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Happy Holi to all

Category: Daily Dose 3 years ago
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  • Re: Happy Holi to all

    by » 3 years ago


    Arunima Singh wrote:
    jabeen wrote:

    Happy holi to all!! I can still remember the fun I had in my childhood, applying colours to my friends. But nowadays I prefer to stay away from colours. By the way, its celebrated for 5 days in Imphal, mostly organising sports in day time and cultural events at evening

    That is such a different way of celebrating. I never knew it. I wonder why media never covered it. A unique way of celebrating holi in this diverse country. Thanks for sharing.

    I think that is because Holi as a festival is more renowned as it is celebrated in North India and so coverage is given to festivities in the North or the way it is celebrated. In Maharashtra, we celebrate Rangpanchami on which day colours are used. The night before Holi, which is the full moon day - Purnima, a large bonfire is made with cow dung cakes and branches of Mandar as well as castor oil trees. Offerings of Puran poli and coconut are offered to the fire and the ashes from this are used the next day on Holi. Holi is played only with these ashes, this is called Dhulwad or Dhulivandan. The ashes are supposed to be good for the skin and supposed to protect us from various illnesses caused by severe heat during summer. The bonfire is also supposed to burn off all that is evil and wicked and to cleanse the minds of the society as a whole.

    But sadly now, the bonfires are lit using wood, plastic and what not.


    "I am free of all prejudice. I hate everyone equally."
    - W. C. Fields :)


    Thank you said by: jabeen, usha manohar

  • Re: Happy Holi to all

    by » 3 years ago


    Kalyani Nandurkar wrote:
    Arunima Singh wrote:
    jabeen wrote:

    Happy holi to all!! I can still remember the fun I had in my childhood, applying colours to my friends. But nowadays I prefer to stay away from colours. By the way, its celebrated for 5 days in Imphal, mostly organising sports in day time and cultural events at evening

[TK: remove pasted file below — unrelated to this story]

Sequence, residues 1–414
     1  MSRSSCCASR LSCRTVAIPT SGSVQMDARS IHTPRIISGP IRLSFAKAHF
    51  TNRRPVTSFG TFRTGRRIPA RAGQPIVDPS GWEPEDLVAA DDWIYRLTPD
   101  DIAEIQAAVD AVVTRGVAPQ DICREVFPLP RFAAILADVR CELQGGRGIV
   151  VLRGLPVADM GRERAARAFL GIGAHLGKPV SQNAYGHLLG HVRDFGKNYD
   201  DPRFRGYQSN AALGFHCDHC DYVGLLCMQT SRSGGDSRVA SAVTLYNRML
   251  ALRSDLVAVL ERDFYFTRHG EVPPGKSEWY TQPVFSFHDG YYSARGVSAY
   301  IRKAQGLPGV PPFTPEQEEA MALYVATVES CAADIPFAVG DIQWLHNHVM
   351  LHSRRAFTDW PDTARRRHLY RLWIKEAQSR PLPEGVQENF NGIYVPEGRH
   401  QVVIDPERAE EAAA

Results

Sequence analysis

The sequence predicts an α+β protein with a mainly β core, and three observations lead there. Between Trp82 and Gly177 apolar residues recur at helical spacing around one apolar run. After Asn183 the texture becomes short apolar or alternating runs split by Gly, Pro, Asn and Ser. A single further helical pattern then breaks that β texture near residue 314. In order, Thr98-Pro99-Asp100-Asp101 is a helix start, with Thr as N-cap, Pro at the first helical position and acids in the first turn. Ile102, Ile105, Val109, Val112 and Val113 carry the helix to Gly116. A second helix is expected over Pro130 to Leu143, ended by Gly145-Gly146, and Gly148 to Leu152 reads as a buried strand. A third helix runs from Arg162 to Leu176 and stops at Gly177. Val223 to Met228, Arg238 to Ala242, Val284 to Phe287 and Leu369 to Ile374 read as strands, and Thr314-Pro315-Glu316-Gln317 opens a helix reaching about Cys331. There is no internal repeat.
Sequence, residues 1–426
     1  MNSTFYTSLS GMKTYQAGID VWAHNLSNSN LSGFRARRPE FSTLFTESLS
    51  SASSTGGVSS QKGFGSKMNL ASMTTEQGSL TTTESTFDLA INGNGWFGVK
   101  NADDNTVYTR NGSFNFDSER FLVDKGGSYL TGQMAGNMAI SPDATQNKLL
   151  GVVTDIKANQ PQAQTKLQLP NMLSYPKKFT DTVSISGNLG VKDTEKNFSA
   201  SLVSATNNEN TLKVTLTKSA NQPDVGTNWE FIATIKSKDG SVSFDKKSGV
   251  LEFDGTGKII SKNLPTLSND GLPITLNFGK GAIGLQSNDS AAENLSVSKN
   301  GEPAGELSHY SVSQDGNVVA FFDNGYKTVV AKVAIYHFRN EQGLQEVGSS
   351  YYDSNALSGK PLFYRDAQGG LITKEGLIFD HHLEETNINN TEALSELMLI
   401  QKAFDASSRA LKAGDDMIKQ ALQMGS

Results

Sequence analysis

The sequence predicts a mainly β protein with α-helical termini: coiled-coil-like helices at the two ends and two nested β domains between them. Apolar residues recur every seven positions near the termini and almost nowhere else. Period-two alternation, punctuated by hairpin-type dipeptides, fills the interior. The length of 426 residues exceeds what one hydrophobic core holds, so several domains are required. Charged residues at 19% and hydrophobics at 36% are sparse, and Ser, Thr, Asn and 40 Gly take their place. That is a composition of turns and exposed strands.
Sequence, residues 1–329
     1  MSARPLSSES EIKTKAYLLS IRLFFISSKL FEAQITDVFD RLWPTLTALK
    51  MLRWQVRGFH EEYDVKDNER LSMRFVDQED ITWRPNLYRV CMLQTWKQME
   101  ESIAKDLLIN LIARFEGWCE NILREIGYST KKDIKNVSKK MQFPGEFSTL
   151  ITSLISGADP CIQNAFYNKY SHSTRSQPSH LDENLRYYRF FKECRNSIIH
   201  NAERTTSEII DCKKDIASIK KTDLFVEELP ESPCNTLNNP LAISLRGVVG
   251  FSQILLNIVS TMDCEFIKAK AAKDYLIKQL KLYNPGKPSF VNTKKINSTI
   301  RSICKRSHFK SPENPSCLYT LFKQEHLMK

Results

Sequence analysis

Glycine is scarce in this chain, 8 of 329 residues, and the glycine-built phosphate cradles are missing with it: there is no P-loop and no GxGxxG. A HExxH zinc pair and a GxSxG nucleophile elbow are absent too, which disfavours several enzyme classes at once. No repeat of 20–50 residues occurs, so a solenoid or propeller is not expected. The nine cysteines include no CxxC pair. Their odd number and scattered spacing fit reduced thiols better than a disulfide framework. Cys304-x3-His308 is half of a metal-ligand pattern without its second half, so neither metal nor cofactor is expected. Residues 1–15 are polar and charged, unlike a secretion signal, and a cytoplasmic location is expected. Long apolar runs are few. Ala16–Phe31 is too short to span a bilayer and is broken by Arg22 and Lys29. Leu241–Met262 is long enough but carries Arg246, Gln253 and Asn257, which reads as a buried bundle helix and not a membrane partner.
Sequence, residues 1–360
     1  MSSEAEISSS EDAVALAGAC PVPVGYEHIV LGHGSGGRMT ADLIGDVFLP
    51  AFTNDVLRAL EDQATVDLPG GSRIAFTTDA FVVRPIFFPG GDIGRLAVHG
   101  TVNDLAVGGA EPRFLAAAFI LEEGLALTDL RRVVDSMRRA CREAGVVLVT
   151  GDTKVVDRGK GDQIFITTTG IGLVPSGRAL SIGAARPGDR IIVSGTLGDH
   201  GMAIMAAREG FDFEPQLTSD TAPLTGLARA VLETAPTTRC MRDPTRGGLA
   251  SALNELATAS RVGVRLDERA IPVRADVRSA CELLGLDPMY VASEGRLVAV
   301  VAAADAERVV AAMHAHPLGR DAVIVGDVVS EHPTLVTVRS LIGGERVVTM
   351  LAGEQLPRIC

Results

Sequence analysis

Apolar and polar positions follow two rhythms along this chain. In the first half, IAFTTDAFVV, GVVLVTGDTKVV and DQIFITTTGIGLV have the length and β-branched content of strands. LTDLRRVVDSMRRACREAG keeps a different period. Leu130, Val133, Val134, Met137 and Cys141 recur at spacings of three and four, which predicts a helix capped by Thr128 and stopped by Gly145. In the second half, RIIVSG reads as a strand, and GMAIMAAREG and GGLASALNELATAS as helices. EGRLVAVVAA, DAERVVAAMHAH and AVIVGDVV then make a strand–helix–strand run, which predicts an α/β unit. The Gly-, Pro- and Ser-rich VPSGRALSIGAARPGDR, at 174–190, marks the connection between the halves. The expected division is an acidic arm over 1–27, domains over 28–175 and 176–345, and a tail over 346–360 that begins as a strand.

That is such a different way of celebrating. I never knew it. I wonder why media never covered it. A unique way of celebrating holi in this diverse country. Thanks for sharing.

    I think that is because Holi as a festival is more renowned as it is celebrated in North India and so coverage is given to festivities in the North or the way it is celebrated. In Maharashtra, we celebrate Rangpanchami on which day colours are used. The night before Holi, which is the full moon day - Purnima, a large bonfire is made with cow dung cakes and branches of Mandar as well as castor oil trees. Offerings of Puran poli and coconut are offered to the fire and the ashes from this are used the next day on Holi. Holi is played only with these ashes, this is called Dhulwad or Dhulivandan. The ashes are supposed to be good for the skin and supposed to protect us from various illnesses caused by severe heat during summer. The bonfire is also supposed to burn off all that is evil and wicked and to cleanse the minds of the society as a whole.

    But sadly now, the bonfires are lit using wood, plastic and what not.

    I think all our festivals and the way we celebrated it had so much of significance and purpose. All had a mythological, social, spiritual and not to forget a scientific purpose. We celebrated the goodness of humanity, the togetherness of our community and showed our reverence to Nature. All this has lost it's significance and we have to reduced everything to commercialization and just for fun sake. So sad the good cow dung cakes, coconut, Mandar branches and castor oil are replaced by harmful wood, plastics etc..


    I am open to experience what life's mystery bag holds for me

    www.arunimakunwar.blogspot.in


    Thank you said by: Kalyani Nandurkar, suni51

  • Re: Happy Holi to all

    by » 3 years ago


    Kalyani Nandurkar wrote:
    Arunima Singh wrote:
    jabeen wrote:

    Happy holi to all!! I can still remember the fun I had in my childhood, applying colours to my friends. But nowadays I prefer to stay away from colours. By the way, its celebrated for 5 days in Imphal, mostly organising sports in day time and cultural events at evening

    That is such a different way of celebrating. I never knew it. I wonder why media never covered it. A unique way of celebrating holi in this diverse country. Thanks for sharing.